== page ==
Vimeo is quietly powering an OTT platform for content of creators like fitness expert Jillian Michaels who has her video program running seamlessly through Vimeo’s service. OTT by definition is “Over the top” but in consumer-friendly terms it’s like Netflix or any subscription service where you serve content. Vimeo has a backend system that let’s any creator of content build their own suite of apps that works across popular platforms like Amazon, Roku, iOS, Android et. al. It’s a one-stop shop for your branded content that you might want to deliver to your customers, paid or free, via mobile, desktop or Smart TV.

Vimeo also recently launched a feature that allows companies or individuals to find and hire world-class video pros (or amateur up-in-comers) for projects. Need a producer or editor? Now you can post jobs, find the perfect match and collaborate commission-free.

I was a little early to the creator content game in 1999 when I first started to consider it and felt way over my head. I wish I had a community then like there is now on Vimeo. That said, everything was different. Cameras and gear were expensive. There were no iPhones or DSLRs. No apps. Only gatekeepers and high barriers to entry. Despite the obstacles, I started thinking about making a move from the client side of brand strategy over to the dark side of running my own company. 

It was the early days of the Internet and digital was the buzzword of the day. I was daydreaming of telling stories with video one day after having a huge marketing and strategy meeting with my team at Universal Pictures Home Entertainment. 

I learned that I would be simultaneously working on DreamWorks’ biggest animated movie to date, Shrek (the original) — and the live action version of Dr. Seuss’ classic, How the Grinch Stole Christmas. Shrek was experimental but still had Mike Myers, Eddie Murphy and other all-star cast members. But The Grinch was positioned as a huge franchise film for the studio with amazing talent like director Ron Howard, narrated by Anthony Hopkins and starring Jim Carrey. 

Each of these projects alone were considered marketing behemoths with an equal amount of pressure and scrutiny from all of the stakeholders. Both tiles were monster blockbusters with tremendous expectations from the studios to make enormous profits during the holiday season the following year from DVD sales. 

To give you an idea of the level of marketing and advertising support that followed, I had a $40 million P&L just for the The Grinch DVD release. We left no stone unturned and did everything one could do in the areas of PR, marketing and advertising and brand partnerships. We blitzed TV, radio, online, outdoor and in-store. Our CPG partner, Heinz even turned their iconic red ketchup green for us — a clever but gross integration for Shrek and The Grinch — maybe you remember that being in grocery stores all over the country.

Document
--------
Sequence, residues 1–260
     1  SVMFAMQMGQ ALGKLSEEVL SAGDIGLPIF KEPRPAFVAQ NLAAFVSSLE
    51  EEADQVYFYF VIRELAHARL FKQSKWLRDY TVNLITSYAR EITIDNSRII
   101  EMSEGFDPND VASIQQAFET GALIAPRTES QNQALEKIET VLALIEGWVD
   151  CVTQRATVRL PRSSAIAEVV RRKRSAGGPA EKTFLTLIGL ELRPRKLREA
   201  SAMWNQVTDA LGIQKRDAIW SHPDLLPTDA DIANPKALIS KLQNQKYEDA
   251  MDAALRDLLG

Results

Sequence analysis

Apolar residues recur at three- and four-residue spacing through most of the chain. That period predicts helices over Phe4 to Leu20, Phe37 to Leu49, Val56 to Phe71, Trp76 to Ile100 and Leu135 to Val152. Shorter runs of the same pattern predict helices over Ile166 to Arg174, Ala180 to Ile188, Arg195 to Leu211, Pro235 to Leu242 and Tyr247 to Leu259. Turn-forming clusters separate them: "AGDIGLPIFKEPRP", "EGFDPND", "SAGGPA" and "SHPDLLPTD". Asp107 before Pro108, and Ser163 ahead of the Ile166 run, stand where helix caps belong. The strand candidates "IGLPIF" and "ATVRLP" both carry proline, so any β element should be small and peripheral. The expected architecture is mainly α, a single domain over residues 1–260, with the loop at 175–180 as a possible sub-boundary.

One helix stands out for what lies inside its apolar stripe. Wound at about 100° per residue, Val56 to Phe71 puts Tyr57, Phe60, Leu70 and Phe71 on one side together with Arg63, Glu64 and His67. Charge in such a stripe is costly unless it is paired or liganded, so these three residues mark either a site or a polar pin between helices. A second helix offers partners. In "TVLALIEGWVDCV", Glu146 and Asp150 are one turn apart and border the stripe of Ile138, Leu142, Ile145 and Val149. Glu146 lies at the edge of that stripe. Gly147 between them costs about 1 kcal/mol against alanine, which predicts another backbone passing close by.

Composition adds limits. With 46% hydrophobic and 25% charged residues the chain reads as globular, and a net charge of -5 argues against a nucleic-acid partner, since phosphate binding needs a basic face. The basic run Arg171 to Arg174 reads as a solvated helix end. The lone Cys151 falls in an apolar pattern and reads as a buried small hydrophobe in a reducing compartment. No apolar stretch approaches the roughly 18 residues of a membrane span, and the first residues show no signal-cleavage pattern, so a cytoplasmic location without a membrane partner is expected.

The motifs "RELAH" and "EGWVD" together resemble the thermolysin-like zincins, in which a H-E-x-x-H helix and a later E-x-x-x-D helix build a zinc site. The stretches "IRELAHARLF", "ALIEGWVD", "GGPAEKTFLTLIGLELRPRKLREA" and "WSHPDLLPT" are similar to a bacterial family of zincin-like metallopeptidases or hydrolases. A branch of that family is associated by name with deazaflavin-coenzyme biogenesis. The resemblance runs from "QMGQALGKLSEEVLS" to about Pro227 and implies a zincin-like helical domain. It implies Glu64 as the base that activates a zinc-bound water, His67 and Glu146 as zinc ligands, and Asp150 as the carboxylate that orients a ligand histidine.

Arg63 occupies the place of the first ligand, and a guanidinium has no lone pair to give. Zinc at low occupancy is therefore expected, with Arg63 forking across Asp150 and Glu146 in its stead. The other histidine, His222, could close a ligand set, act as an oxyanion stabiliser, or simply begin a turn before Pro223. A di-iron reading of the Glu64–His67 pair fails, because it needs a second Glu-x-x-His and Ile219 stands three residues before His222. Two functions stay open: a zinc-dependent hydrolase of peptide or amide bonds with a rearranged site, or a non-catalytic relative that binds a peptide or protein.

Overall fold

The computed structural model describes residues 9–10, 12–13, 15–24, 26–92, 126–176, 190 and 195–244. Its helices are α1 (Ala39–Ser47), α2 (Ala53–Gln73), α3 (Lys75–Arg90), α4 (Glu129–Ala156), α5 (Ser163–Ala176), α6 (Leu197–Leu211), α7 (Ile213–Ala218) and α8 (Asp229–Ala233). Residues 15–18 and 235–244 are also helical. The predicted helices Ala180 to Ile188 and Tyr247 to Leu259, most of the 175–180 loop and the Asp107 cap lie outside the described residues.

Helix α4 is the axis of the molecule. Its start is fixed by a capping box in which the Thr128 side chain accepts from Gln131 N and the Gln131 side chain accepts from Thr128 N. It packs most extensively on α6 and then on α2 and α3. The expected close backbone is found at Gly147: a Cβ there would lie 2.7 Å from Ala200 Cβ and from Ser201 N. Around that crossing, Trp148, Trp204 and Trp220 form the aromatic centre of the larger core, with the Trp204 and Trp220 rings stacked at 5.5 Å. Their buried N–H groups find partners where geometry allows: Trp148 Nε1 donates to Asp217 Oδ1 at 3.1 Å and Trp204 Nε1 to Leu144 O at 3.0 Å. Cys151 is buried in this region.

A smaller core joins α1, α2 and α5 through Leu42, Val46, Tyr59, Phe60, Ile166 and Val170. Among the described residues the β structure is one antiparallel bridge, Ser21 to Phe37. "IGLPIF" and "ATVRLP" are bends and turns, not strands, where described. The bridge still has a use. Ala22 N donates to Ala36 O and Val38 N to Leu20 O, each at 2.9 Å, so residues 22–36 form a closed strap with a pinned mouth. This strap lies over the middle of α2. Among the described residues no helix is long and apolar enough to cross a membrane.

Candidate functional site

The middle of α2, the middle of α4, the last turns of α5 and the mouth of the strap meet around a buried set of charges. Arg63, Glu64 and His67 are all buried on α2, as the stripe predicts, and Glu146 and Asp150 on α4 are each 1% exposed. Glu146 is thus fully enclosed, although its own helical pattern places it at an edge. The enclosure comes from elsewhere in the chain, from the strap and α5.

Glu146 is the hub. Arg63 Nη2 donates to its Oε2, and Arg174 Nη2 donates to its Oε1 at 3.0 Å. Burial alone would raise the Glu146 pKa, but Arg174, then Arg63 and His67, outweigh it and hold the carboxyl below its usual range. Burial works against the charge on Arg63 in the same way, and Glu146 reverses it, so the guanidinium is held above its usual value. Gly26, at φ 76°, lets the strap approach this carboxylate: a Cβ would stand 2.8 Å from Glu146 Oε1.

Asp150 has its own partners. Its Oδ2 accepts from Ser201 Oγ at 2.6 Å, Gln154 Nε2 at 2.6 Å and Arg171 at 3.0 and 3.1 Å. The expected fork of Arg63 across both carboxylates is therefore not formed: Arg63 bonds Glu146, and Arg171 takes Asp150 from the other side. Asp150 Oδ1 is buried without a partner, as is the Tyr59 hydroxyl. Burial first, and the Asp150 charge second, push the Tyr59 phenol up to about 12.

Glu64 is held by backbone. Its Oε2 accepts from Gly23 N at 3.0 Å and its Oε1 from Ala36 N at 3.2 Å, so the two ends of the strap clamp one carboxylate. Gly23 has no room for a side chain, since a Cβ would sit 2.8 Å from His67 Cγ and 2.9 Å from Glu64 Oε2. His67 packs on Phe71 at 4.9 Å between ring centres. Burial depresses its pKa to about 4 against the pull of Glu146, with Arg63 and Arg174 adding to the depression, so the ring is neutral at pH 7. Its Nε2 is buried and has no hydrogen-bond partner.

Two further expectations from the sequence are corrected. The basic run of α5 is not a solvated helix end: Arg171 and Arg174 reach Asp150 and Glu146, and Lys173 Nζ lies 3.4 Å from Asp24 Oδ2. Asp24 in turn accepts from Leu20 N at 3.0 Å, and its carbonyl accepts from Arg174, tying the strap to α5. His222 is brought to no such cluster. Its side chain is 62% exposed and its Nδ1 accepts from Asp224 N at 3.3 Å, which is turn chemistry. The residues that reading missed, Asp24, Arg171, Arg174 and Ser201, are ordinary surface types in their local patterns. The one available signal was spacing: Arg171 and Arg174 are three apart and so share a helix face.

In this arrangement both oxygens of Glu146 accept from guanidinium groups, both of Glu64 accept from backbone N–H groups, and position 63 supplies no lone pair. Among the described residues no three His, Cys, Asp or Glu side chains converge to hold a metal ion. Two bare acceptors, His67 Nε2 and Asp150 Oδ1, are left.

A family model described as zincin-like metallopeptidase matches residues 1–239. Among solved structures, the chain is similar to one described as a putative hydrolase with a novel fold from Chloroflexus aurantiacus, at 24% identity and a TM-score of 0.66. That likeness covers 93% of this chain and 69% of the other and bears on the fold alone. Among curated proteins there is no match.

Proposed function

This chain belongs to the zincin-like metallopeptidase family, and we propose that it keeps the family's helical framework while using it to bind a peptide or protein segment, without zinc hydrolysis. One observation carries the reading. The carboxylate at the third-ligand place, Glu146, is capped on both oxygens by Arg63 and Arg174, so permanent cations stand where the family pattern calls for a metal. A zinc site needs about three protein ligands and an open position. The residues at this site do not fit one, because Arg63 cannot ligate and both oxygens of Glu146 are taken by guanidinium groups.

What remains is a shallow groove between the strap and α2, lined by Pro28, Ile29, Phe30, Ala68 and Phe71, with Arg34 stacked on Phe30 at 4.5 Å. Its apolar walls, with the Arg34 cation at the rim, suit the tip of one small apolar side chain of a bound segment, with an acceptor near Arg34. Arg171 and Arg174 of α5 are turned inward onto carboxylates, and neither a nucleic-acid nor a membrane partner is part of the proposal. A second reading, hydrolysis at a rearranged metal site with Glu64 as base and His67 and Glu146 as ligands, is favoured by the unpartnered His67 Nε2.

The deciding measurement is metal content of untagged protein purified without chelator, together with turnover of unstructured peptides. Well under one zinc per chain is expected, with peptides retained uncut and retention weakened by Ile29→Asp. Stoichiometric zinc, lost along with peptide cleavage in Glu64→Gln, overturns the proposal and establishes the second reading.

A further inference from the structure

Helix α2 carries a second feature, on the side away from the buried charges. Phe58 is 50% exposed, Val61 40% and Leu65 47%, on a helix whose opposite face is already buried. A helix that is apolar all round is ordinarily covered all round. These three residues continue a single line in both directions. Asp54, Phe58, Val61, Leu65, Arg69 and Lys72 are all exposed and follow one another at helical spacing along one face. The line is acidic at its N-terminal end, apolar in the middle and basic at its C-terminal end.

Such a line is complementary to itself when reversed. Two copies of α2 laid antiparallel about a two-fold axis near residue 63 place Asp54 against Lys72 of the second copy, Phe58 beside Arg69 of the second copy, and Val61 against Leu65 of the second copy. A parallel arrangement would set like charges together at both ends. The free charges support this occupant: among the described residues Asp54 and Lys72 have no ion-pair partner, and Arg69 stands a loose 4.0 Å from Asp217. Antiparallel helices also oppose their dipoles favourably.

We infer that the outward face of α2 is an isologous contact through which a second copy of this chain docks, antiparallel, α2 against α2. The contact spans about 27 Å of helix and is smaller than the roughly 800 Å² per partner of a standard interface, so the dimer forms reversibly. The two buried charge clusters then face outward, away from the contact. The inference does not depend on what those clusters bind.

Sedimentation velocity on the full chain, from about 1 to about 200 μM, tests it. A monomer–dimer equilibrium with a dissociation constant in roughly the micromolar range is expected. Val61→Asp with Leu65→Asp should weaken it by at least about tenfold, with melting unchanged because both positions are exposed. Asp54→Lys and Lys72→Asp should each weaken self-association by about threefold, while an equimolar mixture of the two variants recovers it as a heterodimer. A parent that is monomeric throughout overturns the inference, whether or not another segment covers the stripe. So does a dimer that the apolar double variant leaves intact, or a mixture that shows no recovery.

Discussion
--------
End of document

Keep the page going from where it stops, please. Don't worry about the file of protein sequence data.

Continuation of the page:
There were many layers of approvals with The Grinch film and on one occasion I flew out to NYC from LA to meet Ron Howard in person to get sign off’s on my plans. This trip would prove to be very fortuitous for me and help shape my future. Ron is a very humble guy with an incredible resume and track record for success. He’s also very generous and gave me some really simple but powerful advice about pursing a career as a creator that I’ll never forget.

I spent the next seven years (secretly) soaking up all the knowledge on various projects about lights, cameras and action that I could from some of the best in the business. Then I took a leap. 

This video episode of Behind the Brand with Harris Beber is filled with tactical tips from a real pro and Harris also shares his story about taking a leap of faith to join Vimeo. Watch the video:

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It may feel intimidating to start something new. And with hundreds (maybe thousands) of hours of video being uploaded every minute, you might ask: Is now the best time or worst time to create a video and tell your story? Without hesitation, and especially considering all the tools at our fingertips, I’d say now is definitely the best time than ever before.

This article is from Inc.com